Just as the County of Los Angeles begins reopening, the OWS guidelines, published two days after the Ordinance’s effective date, provide little additional clarity for employers seeking to comply with the Ordinance and avoid the intentionally harsh penalties that would result.

The OWS guidelines clarify the exception that managers and confidential employees are not covered by the Recall Ordinance by defining managerial and supervisory employees as those employees who have the authority to hire, transfer, suspend, lay off, recall, promote, discharge, assign, reward, or discipline other subordinate employees, or the responsibility to direct them, adjust their grievances, or effectively to recommend such action, if, in connection with the foregoing, the exercise of such authority is not merely of a routine or clerical nature, but requires the use of independent judgment. Confidential employees are those whose duties involve access to confidential information usually in regard to the employer’s labor relations.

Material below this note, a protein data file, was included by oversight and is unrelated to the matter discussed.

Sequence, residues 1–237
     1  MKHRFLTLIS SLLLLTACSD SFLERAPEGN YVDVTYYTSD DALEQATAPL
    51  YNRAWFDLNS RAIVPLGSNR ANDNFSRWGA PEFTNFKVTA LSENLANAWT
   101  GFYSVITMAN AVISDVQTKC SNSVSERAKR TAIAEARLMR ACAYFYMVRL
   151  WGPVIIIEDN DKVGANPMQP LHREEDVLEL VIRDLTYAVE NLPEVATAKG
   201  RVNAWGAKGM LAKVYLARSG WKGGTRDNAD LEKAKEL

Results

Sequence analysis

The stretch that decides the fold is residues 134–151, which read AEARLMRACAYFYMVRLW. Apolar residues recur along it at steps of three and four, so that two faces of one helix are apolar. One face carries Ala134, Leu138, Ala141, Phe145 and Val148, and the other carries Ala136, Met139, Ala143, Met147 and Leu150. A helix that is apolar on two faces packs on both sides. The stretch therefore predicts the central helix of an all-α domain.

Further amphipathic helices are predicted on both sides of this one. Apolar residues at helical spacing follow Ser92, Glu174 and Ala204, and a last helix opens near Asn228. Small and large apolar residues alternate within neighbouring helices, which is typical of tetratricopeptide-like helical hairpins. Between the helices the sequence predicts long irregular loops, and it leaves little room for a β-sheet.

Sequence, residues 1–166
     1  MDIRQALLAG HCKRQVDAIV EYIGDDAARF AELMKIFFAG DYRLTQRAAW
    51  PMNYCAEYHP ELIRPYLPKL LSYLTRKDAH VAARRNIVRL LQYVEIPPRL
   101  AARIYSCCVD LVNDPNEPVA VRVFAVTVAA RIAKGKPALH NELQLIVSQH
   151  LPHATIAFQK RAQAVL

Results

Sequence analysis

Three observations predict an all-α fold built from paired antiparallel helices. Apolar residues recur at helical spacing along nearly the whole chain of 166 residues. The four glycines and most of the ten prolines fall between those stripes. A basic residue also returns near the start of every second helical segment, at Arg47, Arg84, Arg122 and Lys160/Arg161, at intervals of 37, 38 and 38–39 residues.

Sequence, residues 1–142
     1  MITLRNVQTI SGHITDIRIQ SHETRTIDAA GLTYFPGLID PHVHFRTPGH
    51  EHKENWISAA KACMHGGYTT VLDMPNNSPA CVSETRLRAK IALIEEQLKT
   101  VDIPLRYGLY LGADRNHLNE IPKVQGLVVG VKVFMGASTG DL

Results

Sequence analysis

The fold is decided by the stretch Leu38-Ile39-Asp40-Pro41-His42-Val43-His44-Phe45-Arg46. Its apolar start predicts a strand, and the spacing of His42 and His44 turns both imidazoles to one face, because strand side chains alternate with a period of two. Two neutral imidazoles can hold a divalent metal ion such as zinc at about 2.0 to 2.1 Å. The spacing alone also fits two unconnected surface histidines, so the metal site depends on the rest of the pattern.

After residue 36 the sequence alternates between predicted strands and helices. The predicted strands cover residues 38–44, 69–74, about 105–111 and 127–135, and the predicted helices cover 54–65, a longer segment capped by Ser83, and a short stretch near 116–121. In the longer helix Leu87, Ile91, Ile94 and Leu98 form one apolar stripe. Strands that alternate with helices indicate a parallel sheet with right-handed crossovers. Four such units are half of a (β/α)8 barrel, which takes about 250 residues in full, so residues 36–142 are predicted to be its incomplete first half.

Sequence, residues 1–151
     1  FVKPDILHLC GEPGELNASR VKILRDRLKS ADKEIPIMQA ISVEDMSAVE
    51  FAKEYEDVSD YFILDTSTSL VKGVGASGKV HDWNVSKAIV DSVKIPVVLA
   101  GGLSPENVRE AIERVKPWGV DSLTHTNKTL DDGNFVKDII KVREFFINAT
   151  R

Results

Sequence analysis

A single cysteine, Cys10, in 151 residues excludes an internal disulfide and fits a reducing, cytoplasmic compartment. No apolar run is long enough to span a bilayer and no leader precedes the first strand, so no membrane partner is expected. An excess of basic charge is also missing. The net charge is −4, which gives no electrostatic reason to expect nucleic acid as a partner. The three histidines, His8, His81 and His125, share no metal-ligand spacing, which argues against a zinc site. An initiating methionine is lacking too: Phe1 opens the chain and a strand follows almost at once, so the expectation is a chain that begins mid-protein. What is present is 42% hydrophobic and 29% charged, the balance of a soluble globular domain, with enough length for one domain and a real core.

But the guidelines also muddle the meaning of the Right of Recall. Specifically, the Ordinance language provides that an employer shall make an offer “of any position which is or becomes available after the effective dates of this article for which the Laid Off Worker is qualified.” (Sec. 200.32(A)). But Regulation No. 3 of the OWS guidelines say that an employer shall make the offer “if a position becomes available after the effective date of the Ordinance…” This subtle but important inconsistency leaves many employers questioning how they fill those positions that became available before the Recall Ordinance’s effective date of June 14, 2020 without putting themselves at risk of unnecessary and costly litigation.